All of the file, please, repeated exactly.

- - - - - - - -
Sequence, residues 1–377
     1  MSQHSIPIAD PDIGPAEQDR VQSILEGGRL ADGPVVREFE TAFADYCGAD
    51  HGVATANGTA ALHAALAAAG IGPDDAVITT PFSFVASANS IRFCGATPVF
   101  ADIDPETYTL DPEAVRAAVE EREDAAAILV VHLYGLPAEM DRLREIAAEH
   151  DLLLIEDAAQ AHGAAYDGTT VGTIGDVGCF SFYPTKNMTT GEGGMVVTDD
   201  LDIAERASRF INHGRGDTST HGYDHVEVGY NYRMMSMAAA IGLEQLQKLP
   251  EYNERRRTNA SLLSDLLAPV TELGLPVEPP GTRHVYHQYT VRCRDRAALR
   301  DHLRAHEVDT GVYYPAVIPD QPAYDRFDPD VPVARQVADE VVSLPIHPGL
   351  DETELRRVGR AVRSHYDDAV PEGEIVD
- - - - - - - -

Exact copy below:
Sequence, residues 1–377
     1  MSQHSIPIAD PDIGPAEQDR VQSILEGGRL ADGPVVREFE TAFADYCGAD
    51  HGVATANGTA ALHAALAAAG IGPDDAVITT PFSFVASANS IRFCGATPVF
   101  ADIDPETYTL DPEAVRAAVE EREDAAAILV VHLYGLPAEM DRLREIAAEH
   151  DLLLIEDAAQ AHGAAYDGTT VGTIGDVGCF SFYPTKNMTT GEGGMVVTDD
   201  LDIAERASRF INHGRGDTST HGYDHVEVGY NYRMMSMAAA IGLEQLQKLP
   251  EYNERRRTNA SLLSDLLAPV TELGLPVEPP GTRHVYHQYT VRCRDRAALR
   301  DHLRAHEVDT GVYYPAVIPD QPAYDRFDPD VPVARQVADE VVSLPIHPGL
   351  DETELRRVGR AVRSHYDDAV PEGEIVD